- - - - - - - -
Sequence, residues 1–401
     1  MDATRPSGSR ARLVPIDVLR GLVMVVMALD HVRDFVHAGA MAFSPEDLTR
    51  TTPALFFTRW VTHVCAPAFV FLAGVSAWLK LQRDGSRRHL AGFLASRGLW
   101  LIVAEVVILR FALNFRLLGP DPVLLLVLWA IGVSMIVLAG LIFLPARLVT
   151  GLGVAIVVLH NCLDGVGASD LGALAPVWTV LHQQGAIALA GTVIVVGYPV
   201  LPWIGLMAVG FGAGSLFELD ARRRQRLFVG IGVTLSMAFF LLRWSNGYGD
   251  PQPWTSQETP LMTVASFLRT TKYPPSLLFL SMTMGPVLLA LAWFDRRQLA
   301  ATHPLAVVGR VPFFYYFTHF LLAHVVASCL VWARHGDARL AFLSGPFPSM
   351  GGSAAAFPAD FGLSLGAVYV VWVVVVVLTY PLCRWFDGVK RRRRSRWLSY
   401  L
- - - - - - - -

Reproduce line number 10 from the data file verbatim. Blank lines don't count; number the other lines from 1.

   401  L